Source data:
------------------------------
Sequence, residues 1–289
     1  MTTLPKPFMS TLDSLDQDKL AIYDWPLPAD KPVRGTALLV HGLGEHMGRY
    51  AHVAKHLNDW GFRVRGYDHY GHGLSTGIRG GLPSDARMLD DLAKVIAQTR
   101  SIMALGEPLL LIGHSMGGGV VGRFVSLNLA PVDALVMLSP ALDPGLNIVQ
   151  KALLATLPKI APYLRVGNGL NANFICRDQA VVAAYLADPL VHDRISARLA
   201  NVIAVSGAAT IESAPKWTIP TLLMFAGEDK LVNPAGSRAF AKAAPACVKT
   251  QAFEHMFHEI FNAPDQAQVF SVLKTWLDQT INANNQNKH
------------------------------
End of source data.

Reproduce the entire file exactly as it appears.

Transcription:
Sequence, residues 1–289
     1  MTTLPKPFMS TLDSLDQDKL AIYDWPLPAD KPVRGTALLV HGLGEHMGRY
    51  AHVAKHLNDW GFRVRGYDHY GHGLSTGIRG GLPSDARMLD DLAKVIAQTR
   101  SIMALGEPLL LIGHSMGGGV VGRFVSLNLA PVDALVMLSP ALDPGLNIVQ
   151  KALLATLPKI APYLRVGNGL NANFICRDQA VVAAYLADPL VHDRISARLA
   201  NVIAVSGAAT IESAPKWTIP TLLMFAGEDK LVNPAGSRAF AKAAPACVKT
   251  QAFEHMFHEI FNAPDQAQVF SVLKTWLDQT INANNQNKH